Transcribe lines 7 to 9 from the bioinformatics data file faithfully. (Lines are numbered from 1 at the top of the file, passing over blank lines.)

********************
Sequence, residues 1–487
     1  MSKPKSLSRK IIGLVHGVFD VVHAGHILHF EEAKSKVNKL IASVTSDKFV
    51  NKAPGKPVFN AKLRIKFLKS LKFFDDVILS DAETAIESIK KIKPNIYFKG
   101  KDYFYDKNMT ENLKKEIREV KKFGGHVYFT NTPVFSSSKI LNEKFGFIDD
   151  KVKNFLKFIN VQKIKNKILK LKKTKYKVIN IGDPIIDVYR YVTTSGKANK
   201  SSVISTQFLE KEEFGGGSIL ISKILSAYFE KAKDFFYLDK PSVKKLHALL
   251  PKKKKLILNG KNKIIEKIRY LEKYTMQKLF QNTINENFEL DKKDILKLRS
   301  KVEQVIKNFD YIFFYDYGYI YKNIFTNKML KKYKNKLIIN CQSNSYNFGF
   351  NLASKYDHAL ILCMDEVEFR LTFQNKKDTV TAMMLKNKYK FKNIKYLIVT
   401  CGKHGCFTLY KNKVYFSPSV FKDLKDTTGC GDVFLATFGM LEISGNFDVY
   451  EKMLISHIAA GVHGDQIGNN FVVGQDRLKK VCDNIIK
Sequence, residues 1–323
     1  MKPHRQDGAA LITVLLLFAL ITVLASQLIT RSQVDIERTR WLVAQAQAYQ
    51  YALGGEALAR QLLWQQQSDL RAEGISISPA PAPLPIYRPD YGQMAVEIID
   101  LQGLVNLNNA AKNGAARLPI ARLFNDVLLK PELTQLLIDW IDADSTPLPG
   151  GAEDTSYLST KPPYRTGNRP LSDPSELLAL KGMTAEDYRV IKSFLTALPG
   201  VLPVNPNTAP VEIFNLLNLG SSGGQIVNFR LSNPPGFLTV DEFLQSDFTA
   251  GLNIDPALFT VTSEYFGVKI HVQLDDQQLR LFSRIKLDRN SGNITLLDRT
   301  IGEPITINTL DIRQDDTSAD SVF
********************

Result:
   251  PKKKKLILNG KNKIIEKIRY LEKYTMQKLF QNTINENFEL DKKDILKLRS
   301  KVEQVIKNFD YIFFYDYGYI YKNIFTNKML KKYKNKLIIN CQSNSYNFGF
   351  NLASKYDHAL ILCMDEVEFR LTFQNKKDTV TAMMLKNKYK FKNIKYLIVT